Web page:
The BristolCon Art Show
What with the impending trip to Canada and being stuck behind my dealer table most of the time, I didn’t pay a lot of attention to what was going on elsewhere in BristolCon. That proved to be a mistake, because what they did with the art show is very interesting.
I should note that BristolCon was not the first convention to use this system. This year’s Eastercon also used it, but I wasn’t there and missed finding out about it then.
So, what’s so special? Well, although BristolCon did take place in person, they knew a lot of people would be reluctant to attend, so much of the art show was put online using a system called Kunstmatrix. This is a virtual environment that allows you to “hang” art in a virtual space, and to have people walk around that space to view the art. As Kunstmatrix is a professional tool developed specifically for artists, it is rather better than the VR art show put together for CoNZealand.
If you are very quick you can access the BristolCon art show here. However, I understand that it is closing on December 1st. You may have better luck here, which is Jim Burns’ personal galley, originally created for Eastercon and still available as now. If it has vanished, here’s a screen shot.
The things that impressed me about Kunstmatrix include the ease of navigation, and the clear display quality. Crucially it is affordable. And the galleries can include a link to a catalogue from which the artists can sell prints, and even original works.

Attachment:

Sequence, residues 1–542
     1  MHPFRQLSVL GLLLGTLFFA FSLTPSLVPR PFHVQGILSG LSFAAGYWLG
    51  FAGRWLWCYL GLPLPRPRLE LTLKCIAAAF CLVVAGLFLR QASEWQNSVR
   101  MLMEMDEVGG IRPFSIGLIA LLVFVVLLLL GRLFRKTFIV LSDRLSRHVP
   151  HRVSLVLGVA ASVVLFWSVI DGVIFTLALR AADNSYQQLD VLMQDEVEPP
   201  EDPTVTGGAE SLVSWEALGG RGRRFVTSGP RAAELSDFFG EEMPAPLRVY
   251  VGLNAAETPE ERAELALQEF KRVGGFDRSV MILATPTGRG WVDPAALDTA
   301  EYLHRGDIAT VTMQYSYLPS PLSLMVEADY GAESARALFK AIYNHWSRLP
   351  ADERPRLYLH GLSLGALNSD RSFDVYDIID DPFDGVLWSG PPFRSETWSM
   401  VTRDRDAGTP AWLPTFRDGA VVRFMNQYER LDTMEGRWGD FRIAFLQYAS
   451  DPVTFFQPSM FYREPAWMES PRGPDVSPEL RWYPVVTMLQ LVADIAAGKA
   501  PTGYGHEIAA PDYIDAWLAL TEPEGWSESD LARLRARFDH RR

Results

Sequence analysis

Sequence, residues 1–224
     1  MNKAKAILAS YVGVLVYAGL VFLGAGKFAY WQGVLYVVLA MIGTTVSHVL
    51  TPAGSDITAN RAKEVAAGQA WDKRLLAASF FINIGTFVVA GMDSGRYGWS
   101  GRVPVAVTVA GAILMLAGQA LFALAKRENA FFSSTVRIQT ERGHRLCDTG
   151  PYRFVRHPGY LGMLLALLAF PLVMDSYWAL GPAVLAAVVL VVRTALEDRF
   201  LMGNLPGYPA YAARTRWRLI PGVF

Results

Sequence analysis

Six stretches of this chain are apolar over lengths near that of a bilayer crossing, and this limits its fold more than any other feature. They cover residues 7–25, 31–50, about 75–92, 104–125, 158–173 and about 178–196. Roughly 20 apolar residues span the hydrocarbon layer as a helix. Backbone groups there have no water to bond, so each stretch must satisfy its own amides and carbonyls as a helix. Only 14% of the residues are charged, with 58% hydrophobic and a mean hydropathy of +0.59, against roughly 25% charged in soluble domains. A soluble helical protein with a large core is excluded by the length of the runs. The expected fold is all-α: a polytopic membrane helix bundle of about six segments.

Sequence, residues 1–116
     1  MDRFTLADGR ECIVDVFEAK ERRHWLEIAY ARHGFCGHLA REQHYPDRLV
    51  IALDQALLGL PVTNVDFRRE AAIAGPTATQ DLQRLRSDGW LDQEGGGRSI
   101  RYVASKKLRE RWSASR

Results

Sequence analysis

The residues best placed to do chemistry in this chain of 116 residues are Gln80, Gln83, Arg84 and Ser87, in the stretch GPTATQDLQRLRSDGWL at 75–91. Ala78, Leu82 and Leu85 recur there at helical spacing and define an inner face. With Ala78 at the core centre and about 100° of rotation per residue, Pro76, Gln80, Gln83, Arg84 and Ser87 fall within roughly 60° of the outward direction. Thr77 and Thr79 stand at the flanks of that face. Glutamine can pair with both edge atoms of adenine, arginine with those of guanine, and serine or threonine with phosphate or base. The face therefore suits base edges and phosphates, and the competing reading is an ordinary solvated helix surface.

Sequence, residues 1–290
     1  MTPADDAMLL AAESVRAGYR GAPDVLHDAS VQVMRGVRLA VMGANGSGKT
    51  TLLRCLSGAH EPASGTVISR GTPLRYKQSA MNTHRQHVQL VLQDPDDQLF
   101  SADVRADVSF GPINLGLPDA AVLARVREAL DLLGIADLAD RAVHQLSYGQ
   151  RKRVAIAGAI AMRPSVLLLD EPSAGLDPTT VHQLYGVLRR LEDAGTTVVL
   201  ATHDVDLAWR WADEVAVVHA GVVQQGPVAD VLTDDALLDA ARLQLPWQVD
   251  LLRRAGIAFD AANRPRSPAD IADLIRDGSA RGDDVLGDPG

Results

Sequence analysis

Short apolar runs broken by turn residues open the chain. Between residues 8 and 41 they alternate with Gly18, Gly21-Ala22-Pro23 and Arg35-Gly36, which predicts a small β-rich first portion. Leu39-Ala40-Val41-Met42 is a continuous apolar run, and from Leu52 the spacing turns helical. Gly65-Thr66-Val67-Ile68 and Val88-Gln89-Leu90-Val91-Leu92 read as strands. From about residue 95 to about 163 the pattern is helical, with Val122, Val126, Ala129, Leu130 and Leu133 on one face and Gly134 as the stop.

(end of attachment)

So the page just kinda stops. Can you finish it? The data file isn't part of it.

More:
Obviously I’m not an artist, or an art show person, but to me this system does show a lot of promise. Setting up your own gallery seems quite easy, and conventions could charge a small fee for including a link to an artist’s personal galley in their art show, on the assumption that this would lead to extra sales. Of course you won’t know how much they sell. Meatspace art shows are financed through a levy on sales at the event, whereas here you have to guess how much a place in your show is worth to people. But hopefully this is a workable solution to the virtual art show problem.
The main problem I foresee is international sales. The VAT nightmare will doubtless raise its ugly head again. But maybe the Kunstmatrix folks will be able to do something about it.